The understanding that there are positive outcomes flowing from competition between agencies is long-standing, as is the desire of policymakers to encourage such inter-agency competition.1 As long ago as 1932, Justice Brandeis commented that the decentralised state system in the US should provide the states with room to experiment, especially for changing social and economic needs, thus leading to innovation.2 The scope and strength of these competitive pressures are capable of affecting the manner in which the agencies enforce their respective powers in any given case.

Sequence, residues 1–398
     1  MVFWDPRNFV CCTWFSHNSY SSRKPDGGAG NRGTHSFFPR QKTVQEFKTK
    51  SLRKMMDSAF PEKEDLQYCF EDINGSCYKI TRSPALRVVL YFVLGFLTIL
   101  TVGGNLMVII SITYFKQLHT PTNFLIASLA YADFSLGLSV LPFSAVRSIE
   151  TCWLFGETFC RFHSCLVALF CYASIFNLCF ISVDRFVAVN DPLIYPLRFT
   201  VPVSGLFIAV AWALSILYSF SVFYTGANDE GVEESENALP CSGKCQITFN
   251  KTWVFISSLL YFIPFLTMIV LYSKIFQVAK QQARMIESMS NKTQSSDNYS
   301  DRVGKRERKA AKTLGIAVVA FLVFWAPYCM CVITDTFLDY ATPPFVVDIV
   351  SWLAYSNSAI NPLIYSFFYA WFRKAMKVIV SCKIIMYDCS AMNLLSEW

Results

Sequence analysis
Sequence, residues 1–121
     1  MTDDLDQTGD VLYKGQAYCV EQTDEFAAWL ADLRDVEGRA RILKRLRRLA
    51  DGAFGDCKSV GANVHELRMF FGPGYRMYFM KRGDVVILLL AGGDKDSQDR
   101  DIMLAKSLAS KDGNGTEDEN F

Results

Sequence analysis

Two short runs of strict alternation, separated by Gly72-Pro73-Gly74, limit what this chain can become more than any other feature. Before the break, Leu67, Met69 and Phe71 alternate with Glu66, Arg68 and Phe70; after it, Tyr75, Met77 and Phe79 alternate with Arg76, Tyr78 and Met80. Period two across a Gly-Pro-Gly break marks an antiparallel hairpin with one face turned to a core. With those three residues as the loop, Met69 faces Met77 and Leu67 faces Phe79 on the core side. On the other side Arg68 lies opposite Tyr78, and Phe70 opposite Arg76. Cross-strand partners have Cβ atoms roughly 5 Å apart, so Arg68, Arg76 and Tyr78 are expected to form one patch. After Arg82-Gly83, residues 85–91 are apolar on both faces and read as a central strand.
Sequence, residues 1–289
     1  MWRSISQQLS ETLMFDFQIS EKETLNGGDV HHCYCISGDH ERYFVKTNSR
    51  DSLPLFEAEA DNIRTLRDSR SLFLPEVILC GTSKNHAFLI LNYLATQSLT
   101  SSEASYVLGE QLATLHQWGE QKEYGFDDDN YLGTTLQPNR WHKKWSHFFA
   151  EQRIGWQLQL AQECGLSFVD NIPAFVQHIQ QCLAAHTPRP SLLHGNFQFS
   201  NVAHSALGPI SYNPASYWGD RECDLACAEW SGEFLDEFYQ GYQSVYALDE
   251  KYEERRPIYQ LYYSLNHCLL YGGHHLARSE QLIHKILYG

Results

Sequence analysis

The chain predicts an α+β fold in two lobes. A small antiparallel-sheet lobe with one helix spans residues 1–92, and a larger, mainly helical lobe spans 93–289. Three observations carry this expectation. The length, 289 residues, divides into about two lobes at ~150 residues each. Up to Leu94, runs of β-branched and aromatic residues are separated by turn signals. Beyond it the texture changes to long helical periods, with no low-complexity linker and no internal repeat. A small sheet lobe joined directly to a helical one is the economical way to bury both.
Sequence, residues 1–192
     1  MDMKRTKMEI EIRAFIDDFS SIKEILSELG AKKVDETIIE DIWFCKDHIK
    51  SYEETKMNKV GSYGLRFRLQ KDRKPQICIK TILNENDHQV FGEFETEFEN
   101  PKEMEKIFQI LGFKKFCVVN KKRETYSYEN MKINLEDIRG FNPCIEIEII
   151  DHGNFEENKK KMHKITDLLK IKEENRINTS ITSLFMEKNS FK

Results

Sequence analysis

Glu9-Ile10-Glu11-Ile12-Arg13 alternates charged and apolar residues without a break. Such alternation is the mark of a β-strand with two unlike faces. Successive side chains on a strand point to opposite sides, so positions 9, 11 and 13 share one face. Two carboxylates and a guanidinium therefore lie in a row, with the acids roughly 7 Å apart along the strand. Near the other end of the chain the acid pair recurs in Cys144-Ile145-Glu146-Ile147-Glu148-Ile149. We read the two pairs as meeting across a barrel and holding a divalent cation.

In part two of his extensive analysis of regulatory and competition law organisation, PETER ALEXIADIS discusses the rise of the ‘super-regulator’, regulatory independence, and centralised vs local organisation, with the EU as the key reference
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